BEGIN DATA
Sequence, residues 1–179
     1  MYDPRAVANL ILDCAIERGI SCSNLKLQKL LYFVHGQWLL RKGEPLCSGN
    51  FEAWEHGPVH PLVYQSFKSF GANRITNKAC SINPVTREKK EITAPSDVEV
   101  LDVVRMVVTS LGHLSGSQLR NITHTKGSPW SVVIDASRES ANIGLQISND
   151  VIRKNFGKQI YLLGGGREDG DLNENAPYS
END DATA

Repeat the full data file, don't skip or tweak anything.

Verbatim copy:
Sequence, residues 1–179
     1  MYDPRAVANL ILDCAIERGI SCSNLKLQKL LYFVHGQWLL RKGEPLCSGN
    51  FEAWEHGPVH PLVYQSFKSF GANRITNKAC SINPVTREKK EITAPSDVEV
   101  LDVVRMVVTS LGHLSGSQLR NITHTKGSPW SVVIDASRES ANIGLQISND
   151  VIRKNFGKQI YLLGGGREDG DLNENAPYS